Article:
Selecting a Single Malt
11/05/2012 14:28 ● Published by John Lee
Single malt Scotch whiskey is a drink steeped in history, and has been distilled in Scotland for at least 500 years. Termed "aqua vitae," or "water of life," it has been used medicinally for centuries, and is today a very popular drink. The "single" means that it comes from one distillery, as opposed to blended Scotch like Johnnie Walker, which includes many different single malts in one bottle.
Things to look for include sweetness, smokiness (or "peat") and fruit-scented aromas. Since many distilleries use peat moss as part of the distillation process, many outstanding malts have a smokey, peaty aroma and taste. Some distillers use old sherry, port or even bourbon wood barrels to age their Scotch in, thereby giving the malt a chance to acquire some of the flavors of these barrels.
Single malt Scotches come from four main areas in Scotland: Speyside, Highland, Islay and Lowland. Since the flavor of the Scotch depends on the type of water and barley used and the process followed in its distillation and storage, regional differences account for many of the taste nuances you'll notice in Scotch. Once you become familiar with the various regional differences and discover what tastes best to you, you can stick with a favorite region and explore its myriad offerings.
Taste a Speyside malt. Speyside is a small region in northeast Scotland that is known for the pure waters of the River Spey. Some of the most refined whiskeys are distilled here. The peat factor is not great in these malts, so expect sweet, fruity-nosed flavors. Try the 12-year-old Glenlivet, which comes from Scotland's oldest legal distillery.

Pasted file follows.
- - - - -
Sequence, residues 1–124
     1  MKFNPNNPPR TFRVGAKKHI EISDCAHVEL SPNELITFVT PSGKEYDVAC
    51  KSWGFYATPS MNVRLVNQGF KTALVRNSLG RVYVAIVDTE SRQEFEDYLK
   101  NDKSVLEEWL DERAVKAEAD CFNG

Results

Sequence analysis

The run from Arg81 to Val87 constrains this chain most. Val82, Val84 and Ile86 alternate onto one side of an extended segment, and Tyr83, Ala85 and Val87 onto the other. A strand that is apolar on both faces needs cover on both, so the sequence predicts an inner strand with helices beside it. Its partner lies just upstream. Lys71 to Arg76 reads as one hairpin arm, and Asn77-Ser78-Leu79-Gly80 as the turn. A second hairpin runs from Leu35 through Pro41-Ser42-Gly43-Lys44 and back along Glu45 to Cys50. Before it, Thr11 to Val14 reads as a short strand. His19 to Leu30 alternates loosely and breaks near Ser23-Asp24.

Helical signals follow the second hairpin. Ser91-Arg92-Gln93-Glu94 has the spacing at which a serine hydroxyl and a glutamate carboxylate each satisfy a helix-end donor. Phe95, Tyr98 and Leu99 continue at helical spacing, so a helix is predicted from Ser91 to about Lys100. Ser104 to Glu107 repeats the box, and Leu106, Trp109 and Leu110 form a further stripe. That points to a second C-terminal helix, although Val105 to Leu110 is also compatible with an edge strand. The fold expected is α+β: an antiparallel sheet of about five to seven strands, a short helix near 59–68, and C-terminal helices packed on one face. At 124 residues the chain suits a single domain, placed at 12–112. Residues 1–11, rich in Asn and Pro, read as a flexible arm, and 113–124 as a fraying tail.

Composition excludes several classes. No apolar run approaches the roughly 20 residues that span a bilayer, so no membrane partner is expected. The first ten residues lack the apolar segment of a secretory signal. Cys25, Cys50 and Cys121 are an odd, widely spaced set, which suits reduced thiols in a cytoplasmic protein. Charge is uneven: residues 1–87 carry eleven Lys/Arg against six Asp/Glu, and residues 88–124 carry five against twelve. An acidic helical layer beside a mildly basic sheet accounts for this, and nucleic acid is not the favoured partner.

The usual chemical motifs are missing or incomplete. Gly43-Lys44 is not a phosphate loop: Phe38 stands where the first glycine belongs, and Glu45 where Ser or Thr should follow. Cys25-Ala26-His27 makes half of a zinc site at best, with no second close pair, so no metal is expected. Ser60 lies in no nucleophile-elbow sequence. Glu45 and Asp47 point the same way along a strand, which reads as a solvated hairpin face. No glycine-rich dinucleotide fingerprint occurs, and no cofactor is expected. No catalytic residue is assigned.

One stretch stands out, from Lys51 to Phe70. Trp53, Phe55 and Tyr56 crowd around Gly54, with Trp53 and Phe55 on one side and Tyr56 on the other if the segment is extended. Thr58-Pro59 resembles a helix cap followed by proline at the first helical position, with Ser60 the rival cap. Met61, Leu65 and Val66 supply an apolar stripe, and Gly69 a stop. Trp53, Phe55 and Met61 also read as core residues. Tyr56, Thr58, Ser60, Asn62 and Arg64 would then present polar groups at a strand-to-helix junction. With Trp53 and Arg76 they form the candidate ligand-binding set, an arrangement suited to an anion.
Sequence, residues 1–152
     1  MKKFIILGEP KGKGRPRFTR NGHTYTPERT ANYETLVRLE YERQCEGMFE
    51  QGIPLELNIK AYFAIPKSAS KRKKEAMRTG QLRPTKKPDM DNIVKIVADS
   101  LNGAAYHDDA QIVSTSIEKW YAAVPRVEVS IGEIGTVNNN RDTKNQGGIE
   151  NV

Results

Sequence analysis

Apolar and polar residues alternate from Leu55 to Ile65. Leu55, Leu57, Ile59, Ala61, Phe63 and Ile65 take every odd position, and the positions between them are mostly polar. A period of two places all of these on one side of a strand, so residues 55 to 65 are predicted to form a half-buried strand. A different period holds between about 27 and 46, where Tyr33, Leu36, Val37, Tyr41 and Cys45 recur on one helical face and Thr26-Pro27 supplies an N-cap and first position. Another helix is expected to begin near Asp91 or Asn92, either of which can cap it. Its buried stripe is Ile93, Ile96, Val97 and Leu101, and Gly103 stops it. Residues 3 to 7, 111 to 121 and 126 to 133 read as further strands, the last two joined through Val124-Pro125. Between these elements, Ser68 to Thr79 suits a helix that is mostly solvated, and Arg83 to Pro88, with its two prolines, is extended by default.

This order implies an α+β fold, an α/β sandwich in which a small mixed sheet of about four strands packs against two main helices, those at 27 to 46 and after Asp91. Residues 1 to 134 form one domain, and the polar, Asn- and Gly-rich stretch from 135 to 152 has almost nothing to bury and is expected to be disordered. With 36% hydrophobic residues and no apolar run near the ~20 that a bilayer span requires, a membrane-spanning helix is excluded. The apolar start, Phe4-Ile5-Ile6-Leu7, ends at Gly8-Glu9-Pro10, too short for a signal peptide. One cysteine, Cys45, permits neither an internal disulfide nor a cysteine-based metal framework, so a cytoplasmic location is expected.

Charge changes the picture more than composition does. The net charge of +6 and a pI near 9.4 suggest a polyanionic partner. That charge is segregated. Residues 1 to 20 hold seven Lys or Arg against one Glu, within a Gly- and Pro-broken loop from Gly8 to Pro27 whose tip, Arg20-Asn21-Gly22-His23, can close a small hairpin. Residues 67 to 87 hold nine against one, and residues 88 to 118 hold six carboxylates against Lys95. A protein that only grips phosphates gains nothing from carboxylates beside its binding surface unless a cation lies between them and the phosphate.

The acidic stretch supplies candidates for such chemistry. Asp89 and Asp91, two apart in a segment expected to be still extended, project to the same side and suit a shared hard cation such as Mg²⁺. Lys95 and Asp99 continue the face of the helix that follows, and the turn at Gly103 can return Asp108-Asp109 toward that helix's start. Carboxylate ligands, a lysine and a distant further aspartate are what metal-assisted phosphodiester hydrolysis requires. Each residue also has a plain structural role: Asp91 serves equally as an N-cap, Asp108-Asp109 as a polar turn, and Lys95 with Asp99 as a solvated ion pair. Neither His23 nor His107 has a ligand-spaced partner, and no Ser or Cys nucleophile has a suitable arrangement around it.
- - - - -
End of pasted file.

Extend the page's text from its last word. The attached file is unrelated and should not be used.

Try a Highland malt. Highland is a large region that is further subdivided into north, south, west and central. The Scotch flavors vary widely here. Try one of the best values in single-malt Scotch, Highland Park, which has a great peaty flavor that doesn't overpower the rest of the malt.
Taste an Islay malt. Pronounced "eye-la," the name denotes a series of islands off the west coast of Scotland. This is where some true "peat monsters" are distilled, and you should only try them if you have an adventurous palate. Some of these malts can taste almost medicinal, with a distinct salty and peaty flavor and aroma (or "nose"). A very popular brand is the 10-year-old Laphroaig.
Sip a Lowland malt. Most of the Scotch from this region is used for blended Scotch, but there are still a few single malts worth trying here. Don't expect too much peat flavor or aroma; these malts are much lighter in flavor than the ones from other regions, and tend to have a grassy or lightly fruity taste and aroma. Try the Auchentoshan single-malt Scotch. You can add a little bit of filtered water to release some of the flavors and aromas. Many professional distillers add water when they taste their Scotch. How much water you add is up to, but generally up to 20 percent of water in your Scotch will truly reveal the malt's qualities. Read the labels carefully, since many of them will list the characteristics of the Scotch. Single-malt Scotch can get very expensive, especially Scotch that was distilled in small batches or aged for a long time. You don't need to spend a lot of money, though, to get a great Scotch. Highland Park is considered to be one of the best values and can be had for under $50. Some of the best single malts are under $100. Do not add ice to your single-malt Scotch. Ice deadens your tongue to the myriad flavors in the Scotch. Add the ice to a blended Scotch, but leave the single malts neat or add a splash of filtered water.
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